Data Availability Statement
The raw data supporting the conclusions of this article will be made available by the authors, without undue reservation.
The studies involving human participants were reviewed and approved by The Ethics Committee of the Second Affiliated Hospital and Yuying Children's Hospital of the Wenzhou Medical University. Written informed consent for participation was not required for this study in accordance with the national legislation and the institutional requirements.
ZH and ZC conceived and designed the study. All authors acquired the data, which ZC and FM analyzed. ZC, ZH, and XH assisted in data interpretation and wrote the manuscript. All authors participated in revising the article and approved the final version.
This work was supported by the National Natural Science Foundation of China (Grant Nos. 81771267 and 81571114) and Clinical Scientific Research Foundation of the Second Affiliated Hospital and Yuying Children's Hospital of Wenzhou Medical University (SAHoWMU-CR2017-01-212).
Conflict of Interest
The authors declare that the research was conducted in the absence of any commercial or financial relationships that could be construed as a potential conflict of interest.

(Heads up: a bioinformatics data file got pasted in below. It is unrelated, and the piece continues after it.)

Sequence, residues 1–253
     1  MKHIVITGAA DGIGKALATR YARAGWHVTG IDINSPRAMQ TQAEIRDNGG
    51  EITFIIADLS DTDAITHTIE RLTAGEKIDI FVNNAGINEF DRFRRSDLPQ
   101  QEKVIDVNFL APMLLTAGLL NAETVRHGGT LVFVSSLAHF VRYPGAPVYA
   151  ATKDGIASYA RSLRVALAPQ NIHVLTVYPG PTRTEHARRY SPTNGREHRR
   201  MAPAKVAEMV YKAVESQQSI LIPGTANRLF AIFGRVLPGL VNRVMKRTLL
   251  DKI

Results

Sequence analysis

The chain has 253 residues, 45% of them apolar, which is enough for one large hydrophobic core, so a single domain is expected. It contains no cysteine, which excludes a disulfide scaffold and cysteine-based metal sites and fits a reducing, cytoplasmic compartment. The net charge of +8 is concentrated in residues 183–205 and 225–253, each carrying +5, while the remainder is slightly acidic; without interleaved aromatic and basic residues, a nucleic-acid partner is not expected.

The Supplementary Material for this article can be found online at: https://www.frontiersin.org/articles/10.3389/fneur.2020.00962/full#supplementary-material
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Keywords: magnesium, hemorrhagic transformation, thrombolysis, recombinant tissue plasminogen activator, acute ischemic stroke
Citation: Cheng Z, Huang X, Muse FM, Xia L, Zhan Z, Lin X, Cao Y and Han Z (2020) Low Serum Magnesium Levels Are Associated With Hemorrhagic Transformation After Thrombolysis in Acute Ischemic Stroke. Front. Neurol. 11:962. doi: 10.3389/fneur.2020.00962
Received: 30 May 2020; Accepted: 24 July 2020;
Published: 02 September 2020.
Edited by:Nishant K. Mishra, University of California, United States
Reviewed by:Georgios Tsivgoulis, National and Kapodistrian University of Athens, Greece
Lina Palaiodimou, University General Hospital Attikon, Greece
Copyright © 2020 Cheng, Huang, Muse, Xia, Zhan, Lin, Cao and Han. This is an open-access article distributed under the terms of the Creative Commons Attribution License (CC BY). The use, distribution or reproduction in other forums is permitted, provided the original author(s) and the copyright owner(s) are credited and that the original publication in this journal is cited, in accordance with accepted academic practice. No use, distribution or reproduction is permitted which does not comply with these terms.
*Correspondence: Zhao Han, firstname.lastname@example.org